JOURNEY INTO THE PAST
Archaeological Survey, Wairarapa
E ngā iwi, e ngā hapū, e ngā pūkōrero, e ngā rangatira o Rangitāne, tēnā koutou, tēnā koutou, tēnā koutou.
Tēnei mātou te Rōpū Rangatahi o te Kura Ako Māhita o Pōneke Te mihi atu nei ki a koutou katoa.
E ō mātou rangatira, ko ngā kōrero e mau ake nei i raro nei he whakaatu tēnei i ā mātou mahi e mahia nei e mātou i waenganui i a koutou arā kei te wananga mātou i te āhua o te noho o ngā tāngata o neherā i te takiwā ki Wairarapa, ki te wāhi e mōhiotia nei ko White Rock.
Much is imperfectly known, not fully understood or misconstrued about Maori history, because Maori tradition is family tradition, personal history, remembered and valued for the mana it gives the descendants, whereas Pakeha history is supposedly objective and concerned with the full sweep of events. When the outsider comes to
write, to translate and interpret Maori history, errors creep in, errors of commission and omission.
The omissions are innumerable: through the disintegration of Maori belief and custom under the impact of the Pakeha, through the withdrawal and the resentment consequent upon land confiscation and racial conflict, through the division between Maori generations, much that was once preserved by tapu has now been lost through tapu. The breakdown and the corruption of the concept of tapu has meant that the guardians of Maori history whose two-fold task was to preserve their knowledge and to pass it on to the next generation have died with their knowledge still locked within their minds, for they had found none worthy of their learning. This has happened and is still happening, as each succeeding generation turns from the Maori past toward a New Zealand present in which esoteric Maori knowledge seems to have scant functional relevance or practical value.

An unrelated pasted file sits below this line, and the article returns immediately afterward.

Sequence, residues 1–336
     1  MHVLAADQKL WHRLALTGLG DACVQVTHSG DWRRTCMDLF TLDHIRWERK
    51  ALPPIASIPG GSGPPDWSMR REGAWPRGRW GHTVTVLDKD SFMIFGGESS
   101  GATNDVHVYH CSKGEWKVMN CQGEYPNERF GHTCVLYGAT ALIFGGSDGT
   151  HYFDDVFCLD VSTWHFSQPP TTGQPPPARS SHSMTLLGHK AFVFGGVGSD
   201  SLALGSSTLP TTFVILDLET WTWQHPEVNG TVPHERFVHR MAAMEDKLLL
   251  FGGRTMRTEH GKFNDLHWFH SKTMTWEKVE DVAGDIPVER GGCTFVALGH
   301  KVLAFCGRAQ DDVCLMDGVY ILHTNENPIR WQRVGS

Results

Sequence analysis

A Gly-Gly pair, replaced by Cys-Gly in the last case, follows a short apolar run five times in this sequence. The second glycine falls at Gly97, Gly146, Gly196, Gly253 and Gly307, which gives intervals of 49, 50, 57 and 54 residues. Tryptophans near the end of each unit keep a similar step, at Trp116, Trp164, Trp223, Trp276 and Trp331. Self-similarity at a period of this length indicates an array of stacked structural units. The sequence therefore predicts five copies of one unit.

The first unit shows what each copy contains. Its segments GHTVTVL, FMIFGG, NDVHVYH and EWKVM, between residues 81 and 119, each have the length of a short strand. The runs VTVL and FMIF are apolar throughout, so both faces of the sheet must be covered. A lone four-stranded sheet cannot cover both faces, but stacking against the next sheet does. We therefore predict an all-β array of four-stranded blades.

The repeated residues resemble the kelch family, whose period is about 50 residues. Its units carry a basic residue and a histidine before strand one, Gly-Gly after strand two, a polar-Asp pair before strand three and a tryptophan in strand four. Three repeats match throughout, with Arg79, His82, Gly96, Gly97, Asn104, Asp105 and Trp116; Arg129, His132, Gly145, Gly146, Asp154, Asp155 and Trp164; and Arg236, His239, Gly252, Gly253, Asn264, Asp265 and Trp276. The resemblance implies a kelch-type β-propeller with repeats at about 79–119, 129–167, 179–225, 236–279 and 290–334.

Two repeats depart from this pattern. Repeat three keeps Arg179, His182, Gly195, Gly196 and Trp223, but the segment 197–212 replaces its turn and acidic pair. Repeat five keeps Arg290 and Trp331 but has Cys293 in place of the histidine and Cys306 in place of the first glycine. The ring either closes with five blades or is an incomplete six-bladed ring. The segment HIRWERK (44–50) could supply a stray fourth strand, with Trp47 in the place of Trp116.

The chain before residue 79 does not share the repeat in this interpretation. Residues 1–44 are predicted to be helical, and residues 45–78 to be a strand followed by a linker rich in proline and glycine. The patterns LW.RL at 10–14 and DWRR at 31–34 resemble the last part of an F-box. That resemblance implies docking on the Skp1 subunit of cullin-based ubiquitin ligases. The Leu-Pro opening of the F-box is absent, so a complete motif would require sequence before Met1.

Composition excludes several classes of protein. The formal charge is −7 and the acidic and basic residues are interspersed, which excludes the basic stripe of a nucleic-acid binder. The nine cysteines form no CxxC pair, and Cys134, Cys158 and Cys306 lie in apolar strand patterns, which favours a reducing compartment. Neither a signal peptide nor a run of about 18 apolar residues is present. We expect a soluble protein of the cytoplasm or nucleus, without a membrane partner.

Archaeologists, as they potter over the landscape attempting to fill in some of the gaps in Maori history, must seem a little mad—harmlessly so to the average Pakeha, dangerously so to the average Maori who has a proper fear and abhorrence of the curio hunter, the kind of person who desecrates a wahi tapu for what he might gain. The archaeologist, too, despises this person, regards him as no more or less than a vandal, for souvenir hunters do not respect history, they destroy it. The first stage in initiating a ‘dig’ is to obtain the permission of those kaumatua most closely concerned, and the first studies of the New Zealand archaeologist are the tribal and local traditions of the area he intends to explore. The ultimate value of the work of the archaeologist is understanding. For instance, without Jim Eyles, Roger Duff and others like them, what would we know of the moa-hunter phase of Maori culture, of the way the moa-hunter lived, of the world the moa-hunter knew?
The aim of our Wairarapa coastal survey was to establish the borders of a region in which the Maori made widespread use of stone-walls and mounds for both functional and ritual purposes. Although not generally evident, stone-walls are to be seen on or near the occasional pa or habitation site in the Waikato, the far North, in Taranaki and Banks Peninsula, where they are a feature of former gardens, as in the Wairarapa. Is there a cultural relationship here, with Ngaitahu providing the link? What are the origins of this practice? Do the odd mounds and the ritual use of stone as a tuahu or altar in Palliser Bay bear any close resemblance to practices on a specific Polynesian island, or was stone construction in this coastal region and in Banks Peninsula simply a reaction to environment, a result of stony ground, few trees, and kumara to be planted and nurtured in a region of marginal climate?